Continental has successfully conducted tests on the synthetic diesel fuel oxymethylene ether (OME) in test vehicles, including its Super Clean Electrified Diesel vehicle presented this year. Overall, the Continental tests confirmed that diesel fuel containing 15% OME blend for current diesel engines is a technically safe and viable possibility for reducing greenhouse gas emissions. A 15% OME blend reduces CO2 emissions by approximately 8g/km.
Oxymethylene ethers are synthetic compounds of carbon, oxygen, and hydrogen (CH3O(CH2O)nCH3). Due to their high oxygen concentration, they suppress pollutant formation in combustion. As diesel fuels, they reduce the emission of carbon black and NOx. Germany launched a 3-year study of oxymethylene ethers (OME) as clean diesel fuels in 2016 (earlier post) and Ford is leading a €3.5-million (US$3.9-million) research project, co-funded with the German government, to test cars running on monooxymethylene ether (OME1) and DME. (Earlier post.)
Synthetic fuels do not only contribute to CO2-neutral mobility. For instance, OME produces almost no soot when burned. Continental is therefore actively promoting vehicle technology for the use of synthetic fuels. Our objective is to create a transition phase in which normal driving does not contribute to climate change. We have made most progress with OME for diesel applications.—Dr. Oliver Maiwald, head of Technology & Innovation at Continental’s Powertrain division
With the soot-free oxidation of OME allows higher EGR rates without any contamination of the EGR coolers; the well-known NOx/particle trade-off is avoided (Münz et al.). This opens the door for alternative strategies for the engine operation, including new engine concepts and exhaust gas aftertreatment systems.
The economical production of synthetic fuels is one of the central challenges; process technology for manufacturing OME on an industrial scale is still in development.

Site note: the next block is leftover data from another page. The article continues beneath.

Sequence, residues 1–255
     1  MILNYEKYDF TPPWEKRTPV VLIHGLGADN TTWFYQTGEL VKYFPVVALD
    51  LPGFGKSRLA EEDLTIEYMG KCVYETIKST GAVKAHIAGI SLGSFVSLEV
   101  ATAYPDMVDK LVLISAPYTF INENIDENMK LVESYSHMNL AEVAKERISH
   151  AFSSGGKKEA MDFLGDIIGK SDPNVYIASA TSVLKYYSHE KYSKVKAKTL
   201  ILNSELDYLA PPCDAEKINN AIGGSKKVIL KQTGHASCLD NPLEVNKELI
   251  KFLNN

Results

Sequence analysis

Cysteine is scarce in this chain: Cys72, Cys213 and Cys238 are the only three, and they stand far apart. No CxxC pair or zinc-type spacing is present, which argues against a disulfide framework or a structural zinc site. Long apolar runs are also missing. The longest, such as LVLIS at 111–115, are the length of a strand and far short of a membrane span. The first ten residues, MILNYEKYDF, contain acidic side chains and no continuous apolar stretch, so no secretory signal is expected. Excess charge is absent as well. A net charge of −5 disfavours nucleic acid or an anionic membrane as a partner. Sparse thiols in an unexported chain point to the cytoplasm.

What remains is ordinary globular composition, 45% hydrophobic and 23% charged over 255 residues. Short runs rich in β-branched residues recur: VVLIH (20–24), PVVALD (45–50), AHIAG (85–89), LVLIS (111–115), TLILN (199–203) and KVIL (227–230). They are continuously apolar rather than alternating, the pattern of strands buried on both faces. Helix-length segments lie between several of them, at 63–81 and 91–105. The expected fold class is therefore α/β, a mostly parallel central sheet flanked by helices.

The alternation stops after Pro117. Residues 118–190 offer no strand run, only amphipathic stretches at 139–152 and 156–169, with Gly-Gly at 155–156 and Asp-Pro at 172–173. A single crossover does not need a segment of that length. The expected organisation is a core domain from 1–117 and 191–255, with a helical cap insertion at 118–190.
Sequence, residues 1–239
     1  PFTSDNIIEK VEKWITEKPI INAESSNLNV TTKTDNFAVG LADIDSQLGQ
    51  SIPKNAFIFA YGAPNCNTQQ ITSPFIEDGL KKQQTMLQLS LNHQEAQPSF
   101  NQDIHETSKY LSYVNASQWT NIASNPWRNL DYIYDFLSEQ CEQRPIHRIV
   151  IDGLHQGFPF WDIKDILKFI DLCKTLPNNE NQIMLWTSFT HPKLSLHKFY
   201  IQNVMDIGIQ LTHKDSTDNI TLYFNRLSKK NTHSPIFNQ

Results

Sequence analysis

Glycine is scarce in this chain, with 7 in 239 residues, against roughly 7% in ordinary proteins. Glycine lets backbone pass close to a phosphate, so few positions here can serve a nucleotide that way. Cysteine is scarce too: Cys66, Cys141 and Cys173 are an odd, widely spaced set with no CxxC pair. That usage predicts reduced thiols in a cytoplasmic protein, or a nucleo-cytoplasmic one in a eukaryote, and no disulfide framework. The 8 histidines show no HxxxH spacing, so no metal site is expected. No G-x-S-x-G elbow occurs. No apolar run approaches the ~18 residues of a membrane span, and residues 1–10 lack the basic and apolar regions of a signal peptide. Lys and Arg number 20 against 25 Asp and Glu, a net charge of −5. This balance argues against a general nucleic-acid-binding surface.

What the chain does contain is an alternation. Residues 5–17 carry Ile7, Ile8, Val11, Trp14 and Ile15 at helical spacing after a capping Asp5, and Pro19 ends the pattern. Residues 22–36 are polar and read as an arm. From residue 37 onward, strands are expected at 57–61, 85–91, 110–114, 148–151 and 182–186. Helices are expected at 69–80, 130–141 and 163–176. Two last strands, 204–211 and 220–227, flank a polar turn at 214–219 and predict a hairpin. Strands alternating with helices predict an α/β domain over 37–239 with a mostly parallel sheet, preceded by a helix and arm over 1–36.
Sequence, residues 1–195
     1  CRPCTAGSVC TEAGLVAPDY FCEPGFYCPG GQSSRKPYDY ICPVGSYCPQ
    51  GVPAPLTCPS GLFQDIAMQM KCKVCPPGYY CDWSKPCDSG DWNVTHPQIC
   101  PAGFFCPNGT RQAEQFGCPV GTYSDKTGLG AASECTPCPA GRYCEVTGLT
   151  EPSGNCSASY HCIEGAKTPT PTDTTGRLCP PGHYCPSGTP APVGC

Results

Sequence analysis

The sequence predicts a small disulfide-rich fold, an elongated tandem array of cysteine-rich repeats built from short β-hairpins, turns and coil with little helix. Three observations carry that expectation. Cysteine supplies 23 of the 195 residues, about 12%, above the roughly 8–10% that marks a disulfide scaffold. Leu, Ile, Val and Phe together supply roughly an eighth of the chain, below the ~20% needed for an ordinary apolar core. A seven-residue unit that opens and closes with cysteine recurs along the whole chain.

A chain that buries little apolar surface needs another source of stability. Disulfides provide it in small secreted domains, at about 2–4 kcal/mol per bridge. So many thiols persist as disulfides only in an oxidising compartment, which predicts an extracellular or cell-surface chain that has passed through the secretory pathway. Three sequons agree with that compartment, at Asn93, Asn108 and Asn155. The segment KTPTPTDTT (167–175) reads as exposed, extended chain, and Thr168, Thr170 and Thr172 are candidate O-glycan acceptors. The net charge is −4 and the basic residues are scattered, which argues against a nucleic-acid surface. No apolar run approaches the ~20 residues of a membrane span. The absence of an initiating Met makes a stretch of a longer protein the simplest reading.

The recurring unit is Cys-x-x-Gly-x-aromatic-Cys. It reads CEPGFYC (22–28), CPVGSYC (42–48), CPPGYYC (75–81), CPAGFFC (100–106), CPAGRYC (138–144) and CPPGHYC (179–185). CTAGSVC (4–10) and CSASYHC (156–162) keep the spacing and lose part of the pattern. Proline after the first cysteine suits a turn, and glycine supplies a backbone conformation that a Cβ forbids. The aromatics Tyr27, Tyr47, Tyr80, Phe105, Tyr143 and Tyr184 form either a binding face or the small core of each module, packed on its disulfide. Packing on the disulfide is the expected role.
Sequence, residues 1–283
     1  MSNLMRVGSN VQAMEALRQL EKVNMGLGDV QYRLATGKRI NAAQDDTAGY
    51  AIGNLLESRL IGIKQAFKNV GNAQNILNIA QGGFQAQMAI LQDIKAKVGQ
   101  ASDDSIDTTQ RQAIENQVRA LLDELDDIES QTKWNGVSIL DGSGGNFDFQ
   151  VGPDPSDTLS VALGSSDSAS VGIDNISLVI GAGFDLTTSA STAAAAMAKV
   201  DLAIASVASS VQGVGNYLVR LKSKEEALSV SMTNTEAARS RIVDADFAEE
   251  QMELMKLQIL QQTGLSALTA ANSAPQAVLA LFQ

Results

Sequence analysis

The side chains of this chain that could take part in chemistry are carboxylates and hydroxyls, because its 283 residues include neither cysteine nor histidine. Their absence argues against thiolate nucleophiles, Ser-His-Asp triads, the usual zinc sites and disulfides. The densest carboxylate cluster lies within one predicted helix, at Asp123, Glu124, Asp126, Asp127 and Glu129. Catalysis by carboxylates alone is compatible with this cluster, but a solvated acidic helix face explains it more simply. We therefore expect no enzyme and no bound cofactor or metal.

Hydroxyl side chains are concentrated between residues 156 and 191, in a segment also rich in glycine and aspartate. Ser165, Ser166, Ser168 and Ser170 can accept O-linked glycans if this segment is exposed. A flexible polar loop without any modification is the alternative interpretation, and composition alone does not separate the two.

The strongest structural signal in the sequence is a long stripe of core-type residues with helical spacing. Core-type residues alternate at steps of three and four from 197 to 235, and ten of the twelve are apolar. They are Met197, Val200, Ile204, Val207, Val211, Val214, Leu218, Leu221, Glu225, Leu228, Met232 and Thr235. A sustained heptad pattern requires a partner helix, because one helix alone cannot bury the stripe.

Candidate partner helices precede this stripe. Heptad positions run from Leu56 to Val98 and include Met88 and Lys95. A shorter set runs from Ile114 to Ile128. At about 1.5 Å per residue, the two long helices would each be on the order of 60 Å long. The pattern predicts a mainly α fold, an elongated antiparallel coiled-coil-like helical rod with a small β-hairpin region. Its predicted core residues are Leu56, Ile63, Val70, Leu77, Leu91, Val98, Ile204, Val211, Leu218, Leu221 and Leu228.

It is therefore pragmatic to assume a gradual introduction of OME. With this in mind, we have now carried out an initial test of diesel containing OME. Our vehicle tests have shown that a 15 percent OME admixture in diesel fuel—in addition to the current 7% of biofuel—is already usable in engines today.—Dr. Gerd Rösel, head of Advanced Engineering at Engine Systems business unit, Powertrain division
Every fuel has specific characteristics, according to which an engine and all of its components must be designed. This means that the use of OME in engines has an effect on the entire process chain from the injection system and combustion through to the composition of raw emissions, exhaust-gas aftertreatment, sensor technology and diagnostics.
For this reason, Continental said, it is necessary to prepare basic research into the corresponding technologies for gradually increasing the percentage of OME.
In order to use higher concentrations of OME in diesel, we need to consider the entire reaction pathway. With its end-to-end expertise from injection molding to exhaust-gas aftertreatment including SCR, Continental is optimally positioned for this.—Rolf Brück, head of the Catalytic Converters product line in the Fuel & Exhaust Management business unit of the Powertrain division
Münz M., Feiling A., Beidl C., Härtl M., Pélerin D., Wachtmeister G. (2016) “Oxymethylene ether (OME1) as a synthetic low-emission fuel for DI diesel engines.” In: Liebl J., Beidl C. (eds) Internationaler Motorenkongress 2016. Proceedings. Springer Vieweg, Wiesbaden doi: 10.1007/978-3-658-12918-7_41